Seventeen-year-old Daphne has spent her entire life honing her body and mind into that of a warrior, hoping to be accepted by the unyielding people of ancient Sparta. But an unexpected encounter with the goddess Artemis—who holds Daphne’s brother’s fate in her hands—upends the life she’s worked so hard to build. Nine mysterious items have been stolen from Mount Olympus and if Daphne cannot find them, the gods’ waning powers will fade away, the mortal world will descend into chaos, and her brother’s life will be forfeit.

Guided by Artemis’s twin-the handsome and entirely-too-self-assured god Apollo-Daphne’s journey will take her from the labyrinth of the Minotaur to the riddle-spinning Sphinx of Thebes, team her up with mythological legends such as Theseus and Hippolyta of the Amazons, and pit her against the gods themselves.

As princesses of Sparta, Helen and Klytemnestra have known nothing but luxury and plenty. With their high birth and unrivaled beauty, they are the envy of all of Greece. But such privilege comes at a cost. While still only girls, the sisters are separated and married to foreign kings of their father’s choosing – Helen remains in Sparta to be betrothed to Menelaos, and Klytemnestra is sent alone to an unfamiliar land to become the wife of the powerful Agamemnon. Yet even as Queens, each is only expected to do two things: birth an heir and embody the meek, demure nature that is expected of women.

But when the weight of their husbands’ neglect, cruelty, and ambition becomes too heavy to bear, Helen and Klytemnestra must push against the constraints of their society to carve new lives for themselves, and in doing so, make waves that will ripple throughout the next three thousand years.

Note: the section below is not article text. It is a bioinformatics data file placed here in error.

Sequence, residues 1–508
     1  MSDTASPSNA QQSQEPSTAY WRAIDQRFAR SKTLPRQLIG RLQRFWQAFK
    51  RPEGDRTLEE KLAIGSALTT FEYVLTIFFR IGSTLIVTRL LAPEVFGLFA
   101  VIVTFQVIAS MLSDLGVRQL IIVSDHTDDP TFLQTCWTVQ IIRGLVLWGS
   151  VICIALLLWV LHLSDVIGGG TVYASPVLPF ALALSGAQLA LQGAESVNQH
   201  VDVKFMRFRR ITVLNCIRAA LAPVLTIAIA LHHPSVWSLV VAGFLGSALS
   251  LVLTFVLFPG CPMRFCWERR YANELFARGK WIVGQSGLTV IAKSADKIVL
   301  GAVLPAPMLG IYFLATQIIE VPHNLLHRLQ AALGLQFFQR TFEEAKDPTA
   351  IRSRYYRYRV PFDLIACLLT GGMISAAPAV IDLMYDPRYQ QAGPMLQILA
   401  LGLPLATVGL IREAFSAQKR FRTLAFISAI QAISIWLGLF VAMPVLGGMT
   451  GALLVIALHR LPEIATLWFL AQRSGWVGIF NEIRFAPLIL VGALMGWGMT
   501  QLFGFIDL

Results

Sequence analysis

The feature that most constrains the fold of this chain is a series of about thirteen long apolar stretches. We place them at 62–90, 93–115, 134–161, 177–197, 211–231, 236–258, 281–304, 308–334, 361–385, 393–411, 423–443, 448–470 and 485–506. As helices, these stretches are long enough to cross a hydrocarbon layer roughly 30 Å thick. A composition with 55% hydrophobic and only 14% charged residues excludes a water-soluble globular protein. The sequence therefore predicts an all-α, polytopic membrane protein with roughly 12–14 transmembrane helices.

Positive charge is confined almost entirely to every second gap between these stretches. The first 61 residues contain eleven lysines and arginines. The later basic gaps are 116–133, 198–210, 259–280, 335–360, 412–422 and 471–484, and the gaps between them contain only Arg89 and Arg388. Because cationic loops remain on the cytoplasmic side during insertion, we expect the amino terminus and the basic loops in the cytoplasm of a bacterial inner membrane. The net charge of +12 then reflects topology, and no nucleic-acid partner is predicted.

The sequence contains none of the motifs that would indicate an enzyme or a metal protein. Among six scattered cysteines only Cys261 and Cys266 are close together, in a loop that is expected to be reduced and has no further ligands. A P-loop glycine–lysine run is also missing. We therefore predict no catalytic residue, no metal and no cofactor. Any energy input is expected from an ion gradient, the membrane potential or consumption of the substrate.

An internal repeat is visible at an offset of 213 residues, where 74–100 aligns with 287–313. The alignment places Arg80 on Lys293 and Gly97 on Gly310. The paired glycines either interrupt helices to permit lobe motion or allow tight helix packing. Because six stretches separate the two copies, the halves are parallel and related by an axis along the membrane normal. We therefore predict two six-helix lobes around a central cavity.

Daughter of Sparta will be released on 8 June 2021 by Jimmy Patterson Books. Daughters of Sparta will be released on 20 July 2021 by Dutton books.

Can’t Wait Wednesday: The Councillor by E.J. Beaton

Can’t Wait Wednesday is a weekly meme hosted by Wishful Endings. I have an insane number of 2021 books on my TBR, so this seems like an appropriate activity to take part in.

This week I’m waiting on The Councillor, by E.J. Beaton.

This Machiavellian fantasy follows a scholar’s quest to choose the next ruler of her kingdom amidst lies, conspiracy, and assassination.

When the death of Iron Queen Sarelin Brey fractures the realm of Elira, Lysande Prior, the palace scholar and the queen’s closest friend, is appointed Councillor. Publically, Lysande must choose the next monarch from amongst the city-rulers vying for the throne. Privately, she seeks to discover which ruler murdered the queen, suspecting the use of magic.

Resourceful, analytical, and quiet, Lysande appears to embody the motto she was raised with: everything in its place. Yet while she hides her drug addiction from her new associates, she cannot hide her growing interest in power. She becomes locked in a game of strategy with the city-rulers – especially the erudite prince Luca Fontaine, who seems to shift between ally and rival.

Further from home, an old enemy is stirring: the magic-wielding White Queen is on the move again, and her alliance with a traitor among the royal milieu poses a danger not just to the peace of the realm, but to the survival of everything that Lysande cares about.

In a world where the low-born keep their heads down, Lysande must learn to fight an enemy who wears many guises… even as she wages her own battle between ambition and restraint.

I can never pass up the opportunity to spotlight an Australian author, particularly on debut. Throw in the phrase ‘Machiavellian fantasy’, and the possibilities associated with a non-hereditary monarchy, and I’m sold.

The Councillor will be released on 2 March 2021 from DAW Books.